Tuesday, January 26, 2010

Mis En Place

A French phrase meaning, "putting in place." Ideally, you are supposed to have mis en place, everything laid out and in place, before you start cooking, or so the experts say.

I have been watching Worst Cooks in America (very good, I highly recommend it) in which two chefs try to turn truly gut-wrenching culinary train wrecks into line cooks good enough to fool top food critics. My favorite was a shaved-headed macho man who served the chefs a boiled chicken and laid slices of Swiss cheese on it. Shiver.

To return to the subject of this post, as the chefs have tried to train these cooking catastrophes, they have repeatedly emphasized the importance of mis en place.

I'd like to think that I'm at least a decent cook, but I admit I've never hewed that closely to mis en place. I tend to be a run-to-the-pantry-as-needed kind of guy. It's partly growing up in the 1970s (all organization is creativity-crushing fascism; be free little flower, be free!) and my natural inclination to eschew instructions and try to do it my own way. Plus, I've used as an excuse my desire to get dinner on the table quickly after I get home.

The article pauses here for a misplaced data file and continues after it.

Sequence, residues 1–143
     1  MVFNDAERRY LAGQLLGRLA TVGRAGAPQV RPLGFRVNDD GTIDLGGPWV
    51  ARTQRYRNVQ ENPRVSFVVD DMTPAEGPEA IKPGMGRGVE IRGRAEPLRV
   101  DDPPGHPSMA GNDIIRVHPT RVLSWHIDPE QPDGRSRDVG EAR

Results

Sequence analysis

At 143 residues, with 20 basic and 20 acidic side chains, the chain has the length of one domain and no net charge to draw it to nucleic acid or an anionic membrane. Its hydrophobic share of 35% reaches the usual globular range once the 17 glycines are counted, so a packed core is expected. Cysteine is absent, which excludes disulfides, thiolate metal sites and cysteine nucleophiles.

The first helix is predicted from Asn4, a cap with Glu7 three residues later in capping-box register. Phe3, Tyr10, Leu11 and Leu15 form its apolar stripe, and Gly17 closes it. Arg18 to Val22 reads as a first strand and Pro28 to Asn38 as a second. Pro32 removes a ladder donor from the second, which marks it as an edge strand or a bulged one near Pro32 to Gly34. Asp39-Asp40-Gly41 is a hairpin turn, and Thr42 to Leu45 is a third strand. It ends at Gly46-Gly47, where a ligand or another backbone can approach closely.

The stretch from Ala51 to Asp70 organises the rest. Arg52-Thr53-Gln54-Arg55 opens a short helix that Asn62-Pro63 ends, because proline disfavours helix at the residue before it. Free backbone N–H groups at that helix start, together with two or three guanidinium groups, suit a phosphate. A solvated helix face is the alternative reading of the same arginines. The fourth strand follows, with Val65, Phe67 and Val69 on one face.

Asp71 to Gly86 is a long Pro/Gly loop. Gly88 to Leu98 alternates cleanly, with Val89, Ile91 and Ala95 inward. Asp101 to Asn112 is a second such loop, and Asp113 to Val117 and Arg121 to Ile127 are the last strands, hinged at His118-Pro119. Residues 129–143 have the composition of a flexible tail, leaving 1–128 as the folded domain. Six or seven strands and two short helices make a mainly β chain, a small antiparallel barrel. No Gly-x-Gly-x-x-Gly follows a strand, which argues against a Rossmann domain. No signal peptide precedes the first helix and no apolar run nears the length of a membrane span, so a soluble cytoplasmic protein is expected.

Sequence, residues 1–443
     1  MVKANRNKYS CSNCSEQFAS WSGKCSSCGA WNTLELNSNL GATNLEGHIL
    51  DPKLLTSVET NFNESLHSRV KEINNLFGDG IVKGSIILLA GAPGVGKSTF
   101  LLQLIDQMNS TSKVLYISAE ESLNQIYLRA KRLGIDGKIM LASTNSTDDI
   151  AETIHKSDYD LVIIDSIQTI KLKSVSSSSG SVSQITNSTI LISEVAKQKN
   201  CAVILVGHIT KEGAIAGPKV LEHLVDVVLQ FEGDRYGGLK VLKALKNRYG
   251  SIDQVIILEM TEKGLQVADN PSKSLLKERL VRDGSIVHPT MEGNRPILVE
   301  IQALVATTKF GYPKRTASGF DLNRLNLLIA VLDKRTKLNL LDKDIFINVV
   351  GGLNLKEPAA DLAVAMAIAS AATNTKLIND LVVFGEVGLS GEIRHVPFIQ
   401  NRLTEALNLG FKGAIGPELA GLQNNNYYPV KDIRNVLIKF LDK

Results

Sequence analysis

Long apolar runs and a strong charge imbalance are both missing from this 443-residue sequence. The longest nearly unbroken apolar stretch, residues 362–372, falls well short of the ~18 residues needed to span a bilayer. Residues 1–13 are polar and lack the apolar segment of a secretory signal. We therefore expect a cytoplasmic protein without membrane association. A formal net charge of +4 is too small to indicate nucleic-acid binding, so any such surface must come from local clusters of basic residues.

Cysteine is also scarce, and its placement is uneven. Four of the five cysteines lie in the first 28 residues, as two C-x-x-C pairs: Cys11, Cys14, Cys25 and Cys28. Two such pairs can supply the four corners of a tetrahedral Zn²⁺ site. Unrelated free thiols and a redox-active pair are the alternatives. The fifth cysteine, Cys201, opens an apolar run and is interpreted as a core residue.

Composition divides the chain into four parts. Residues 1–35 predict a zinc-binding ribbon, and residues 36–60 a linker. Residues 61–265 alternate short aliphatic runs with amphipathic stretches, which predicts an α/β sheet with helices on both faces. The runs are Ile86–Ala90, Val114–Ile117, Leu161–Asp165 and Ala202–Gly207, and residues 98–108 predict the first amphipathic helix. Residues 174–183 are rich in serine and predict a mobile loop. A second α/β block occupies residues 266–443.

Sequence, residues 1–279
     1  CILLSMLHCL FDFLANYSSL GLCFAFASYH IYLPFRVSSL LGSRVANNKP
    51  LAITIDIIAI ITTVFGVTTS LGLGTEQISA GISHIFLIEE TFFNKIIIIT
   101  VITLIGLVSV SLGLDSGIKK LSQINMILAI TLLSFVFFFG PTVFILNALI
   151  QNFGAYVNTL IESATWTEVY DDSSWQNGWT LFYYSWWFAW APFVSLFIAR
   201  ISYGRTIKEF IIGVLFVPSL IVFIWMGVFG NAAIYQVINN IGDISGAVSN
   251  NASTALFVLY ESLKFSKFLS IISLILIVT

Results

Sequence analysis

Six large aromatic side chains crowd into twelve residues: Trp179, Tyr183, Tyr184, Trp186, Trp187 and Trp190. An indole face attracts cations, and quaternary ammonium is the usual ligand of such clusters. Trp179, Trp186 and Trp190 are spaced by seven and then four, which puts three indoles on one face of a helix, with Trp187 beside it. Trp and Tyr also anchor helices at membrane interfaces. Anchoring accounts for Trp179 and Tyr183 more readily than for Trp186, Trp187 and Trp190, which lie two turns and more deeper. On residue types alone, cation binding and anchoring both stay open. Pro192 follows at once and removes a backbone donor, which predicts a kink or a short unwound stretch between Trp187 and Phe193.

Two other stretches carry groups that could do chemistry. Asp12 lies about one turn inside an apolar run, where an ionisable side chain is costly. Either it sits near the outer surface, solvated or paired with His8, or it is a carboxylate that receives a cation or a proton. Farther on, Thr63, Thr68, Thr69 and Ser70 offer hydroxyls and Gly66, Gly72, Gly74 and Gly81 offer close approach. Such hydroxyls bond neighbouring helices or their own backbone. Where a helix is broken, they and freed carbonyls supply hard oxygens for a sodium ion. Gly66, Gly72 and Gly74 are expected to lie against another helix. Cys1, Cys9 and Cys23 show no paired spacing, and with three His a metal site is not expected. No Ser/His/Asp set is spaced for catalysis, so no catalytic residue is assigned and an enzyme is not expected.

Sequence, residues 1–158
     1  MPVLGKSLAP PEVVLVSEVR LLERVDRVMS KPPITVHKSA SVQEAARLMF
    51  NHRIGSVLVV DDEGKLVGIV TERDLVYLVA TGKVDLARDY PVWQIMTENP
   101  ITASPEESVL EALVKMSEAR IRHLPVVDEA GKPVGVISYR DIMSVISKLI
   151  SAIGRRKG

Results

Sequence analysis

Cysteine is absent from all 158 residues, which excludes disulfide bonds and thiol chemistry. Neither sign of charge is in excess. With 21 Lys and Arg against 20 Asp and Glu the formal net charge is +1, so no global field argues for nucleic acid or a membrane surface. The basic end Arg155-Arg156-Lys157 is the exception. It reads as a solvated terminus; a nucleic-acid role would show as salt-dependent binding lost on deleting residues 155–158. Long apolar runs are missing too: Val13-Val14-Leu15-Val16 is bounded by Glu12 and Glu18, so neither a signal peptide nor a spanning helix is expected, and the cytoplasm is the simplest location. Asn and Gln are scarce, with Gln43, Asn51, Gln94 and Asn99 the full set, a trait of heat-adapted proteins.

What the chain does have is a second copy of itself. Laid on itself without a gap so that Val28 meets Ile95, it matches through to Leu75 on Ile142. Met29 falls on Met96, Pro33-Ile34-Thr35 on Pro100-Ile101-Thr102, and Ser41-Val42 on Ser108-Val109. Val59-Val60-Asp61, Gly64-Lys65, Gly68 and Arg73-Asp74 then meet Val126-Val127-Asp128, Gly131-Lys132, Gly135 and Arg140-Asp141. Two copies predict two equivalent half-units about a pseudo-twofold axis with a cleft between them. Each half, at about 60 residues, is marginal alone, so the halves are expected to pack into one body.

Over the years, I've slowly learned (I can be a little thick) that this is often -- indeed usually -- not the best way to go about things. In my early stir fry days, for example, I would actually try to measure out ingredients as I cooked. You can guess how that worked out.

So I decided in the last week or so to try to do a real mis en place before cooking: get all the ingredients out of the pantry and fridge and lay them out in an organized fashion.

Guess what. It really works. Cooking suddenly becomes much less harried and more methodical allowing greater focus and care.

Mis En Place: It's not just for pros any more.

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